In Wake of Bridge Fall, Aggie Remembers Own Painful Experience

By: Meredith Stancik Email
By: Meredith Stancik Email

It's becoming a dangerous fad within the Texas A&M community.

Students experiencing a so-called rush while lying underneath the train tracks on the Brazos River Bridge.

However, this is not the first time the thrill has ended tragically.

Last year, Amber Penn fell and survived. Now she is telling others that the risk is not worth the injury.

Penn says she was like a lot of college students, adventurous.

"It's just one of those things everyone had done so we went," Penn said.

Amber was a senior at Texas A&M when she decided she needed to experience one last thing before leaving college.
That last thing was the Brazos River Bridge on Highway 21.

However, the need for an adrenaline rush turned tragic within seconds

"I took one step and I was taking the next step to get onto the concrete platform, and the next thing I knew I hit my head and was flipping," Penn said.

An hour after Amber fell on the banks below she was air-lifted to Scott and White in Temple with severe spine and leg injuries.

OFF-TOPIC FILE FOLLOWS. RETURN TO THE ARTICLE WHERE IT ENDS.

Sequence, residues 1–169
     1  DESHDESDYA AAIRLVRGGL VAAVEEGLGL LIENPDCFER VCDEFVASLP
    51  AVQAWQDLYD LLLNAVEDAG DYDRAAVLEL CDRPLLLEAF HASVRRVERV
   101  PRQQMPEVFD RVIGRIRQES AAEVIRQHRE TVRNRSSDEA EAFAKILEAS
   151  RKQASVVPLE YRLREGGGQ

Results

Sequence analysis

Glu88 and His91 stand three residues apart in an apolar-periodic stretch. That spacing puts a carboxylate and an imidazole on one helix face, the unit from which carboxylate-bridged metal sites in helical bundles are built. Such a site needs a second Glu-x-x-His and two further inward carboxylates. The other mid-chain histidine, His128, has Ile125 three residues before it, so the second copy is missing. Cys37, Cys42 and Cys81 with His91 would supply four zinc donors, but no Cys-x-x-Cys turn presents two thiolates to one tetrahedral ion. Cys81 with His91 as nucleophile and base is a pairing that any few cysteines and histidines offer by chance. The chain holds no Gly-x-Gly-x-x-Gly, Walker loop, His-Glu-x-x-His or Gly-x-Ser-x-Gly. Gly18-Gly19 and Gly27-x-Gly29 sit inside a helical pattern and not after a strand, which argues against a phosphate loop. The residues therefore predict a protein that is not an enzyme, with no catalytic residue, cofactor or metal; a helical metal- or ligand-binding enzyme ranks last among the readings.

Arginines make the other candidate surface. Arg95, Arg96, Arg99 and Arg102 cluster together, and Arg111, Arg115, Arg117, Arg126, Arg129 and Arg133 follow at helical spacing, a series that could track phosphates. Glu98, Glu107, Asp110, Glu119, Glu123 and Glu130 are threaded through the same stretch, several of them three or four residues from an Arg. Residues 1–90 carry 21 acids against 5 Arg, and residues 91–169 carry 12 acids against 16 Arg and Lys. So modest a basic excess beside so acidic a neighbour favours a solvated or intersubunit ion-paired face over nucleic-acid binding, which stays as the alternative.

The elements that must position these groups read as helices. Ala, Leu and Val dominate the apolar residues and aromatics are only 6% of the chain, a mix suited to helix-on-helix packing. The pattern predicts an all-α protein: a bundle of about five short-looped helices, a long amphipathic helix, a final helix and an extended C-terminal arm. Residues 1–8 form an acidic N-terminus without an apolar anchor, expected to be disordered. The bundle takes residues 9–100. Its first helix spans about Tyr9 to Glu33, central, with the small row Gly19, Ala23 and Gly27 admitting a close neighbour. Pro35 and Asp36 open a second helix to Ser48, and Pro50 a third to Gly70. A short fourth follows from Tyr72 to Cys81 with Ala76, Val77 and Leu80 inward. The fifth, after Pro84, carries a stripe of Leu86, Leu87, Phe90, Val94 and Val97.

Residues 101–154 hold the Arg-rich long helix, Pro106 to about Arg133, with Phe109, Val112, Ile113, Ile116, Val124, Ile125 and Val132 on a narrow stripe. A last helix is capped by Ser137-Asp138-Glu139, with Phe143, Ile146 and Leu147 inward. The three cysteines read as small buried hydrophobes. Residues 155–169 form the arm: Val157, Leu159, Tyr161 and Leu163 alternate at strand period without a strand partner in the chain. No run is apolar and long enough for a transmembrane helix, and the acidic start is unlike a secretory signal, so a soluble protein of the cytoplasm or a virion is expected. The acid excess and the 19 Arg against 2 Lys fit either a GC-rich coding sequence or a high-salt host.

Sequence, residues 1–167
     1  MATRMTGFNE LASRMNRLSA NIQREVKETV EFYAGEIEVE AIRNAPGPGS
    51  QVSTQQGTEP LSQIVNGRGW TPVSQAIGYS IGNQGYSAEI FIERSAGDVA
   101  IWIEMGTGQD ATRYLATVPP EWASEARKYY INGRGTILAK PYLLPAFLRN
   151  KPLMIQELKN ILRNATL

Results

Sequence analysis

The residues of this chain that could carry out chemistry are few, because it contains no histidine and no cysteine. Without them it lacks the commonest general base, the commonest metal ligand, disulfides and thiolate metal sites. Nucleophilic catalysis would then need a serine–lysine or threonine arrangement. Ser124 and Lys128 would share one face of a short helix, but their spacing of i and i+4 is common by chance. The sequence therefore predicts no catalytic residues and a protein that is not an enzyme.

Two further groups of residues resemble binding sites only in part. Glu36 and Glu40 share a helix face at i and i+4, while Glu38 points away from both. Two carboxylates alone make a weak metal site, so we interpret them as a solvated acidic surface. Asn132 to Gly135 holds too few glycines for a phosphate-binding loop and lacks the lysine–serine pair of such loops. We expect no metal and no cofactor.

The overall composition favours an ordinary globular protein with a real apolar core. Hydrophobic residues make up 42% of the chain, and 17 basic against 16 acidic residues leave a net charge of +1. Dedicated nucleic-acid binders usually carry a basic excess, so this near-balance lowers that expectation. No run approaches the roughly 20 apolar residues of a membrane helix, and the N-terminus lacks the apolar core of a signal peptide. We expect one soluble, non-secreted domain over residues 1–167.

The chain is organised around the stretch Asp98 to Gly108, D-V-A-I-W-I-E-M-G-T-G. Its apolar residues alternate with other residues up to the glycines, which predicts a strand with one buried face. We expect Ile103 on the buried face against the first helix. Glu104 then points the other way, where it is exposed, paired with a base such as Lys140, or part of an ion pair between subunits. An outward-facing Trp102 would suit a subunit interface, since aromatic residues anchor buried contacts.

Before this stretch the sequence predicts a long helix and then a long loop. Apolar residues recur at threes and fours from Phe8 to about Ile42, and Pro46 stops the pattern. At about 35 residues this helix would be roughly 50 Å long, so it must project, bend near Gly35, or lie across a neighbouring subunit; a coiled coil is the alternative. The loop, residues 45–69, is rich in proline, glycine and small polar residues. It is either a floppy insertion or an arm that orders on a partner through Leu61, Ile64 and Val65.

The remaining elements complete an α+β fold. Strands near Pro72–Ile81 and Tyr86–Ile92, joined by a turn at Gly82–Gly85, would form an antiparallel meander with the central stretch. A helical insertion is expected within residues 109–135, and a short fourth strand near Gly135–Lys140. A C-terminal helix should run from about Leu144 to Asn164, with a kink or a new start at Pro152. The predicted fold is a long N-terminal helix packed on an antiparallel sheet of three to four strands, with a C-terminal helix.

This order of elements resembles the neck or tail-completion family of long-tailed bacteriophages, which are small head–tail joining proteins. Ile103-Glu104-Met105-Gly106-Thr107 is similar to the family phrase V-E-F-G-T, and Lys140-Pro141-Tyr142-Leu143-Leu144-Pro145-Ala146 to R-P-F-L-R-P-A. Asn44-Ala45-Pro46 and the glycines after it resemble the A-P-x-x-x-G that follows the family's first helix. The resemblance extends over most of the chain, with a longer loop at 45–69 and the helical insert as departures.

"The day I got out of surgery, they told me that I would never walk again," Penn said. "Those are hard words to hear as a 20- year-old, but I didn't take that as I would never walk."

Just over a year later, Amber has beaten the odds, but the emotional pain has not gone away.

This week, memories reemerged when she heard Aggie freshman Betsy Helbing had fallen off of the same bridge.

"I didn't really want to believe it had happened," Penn said. "I cried and cried aching for her and her family. I called my parents and they just cried knowing how they felt."

Amber has offered Betsy words of encouragement and says she will use her painful past to help others.

"You are not guaranteed tomorrow and even things that sound fun, just examine whether or not they could be dangerous and if so just not to take the risk because it's just not worth it."

Amber hopes this Texas A&M fad fades away.

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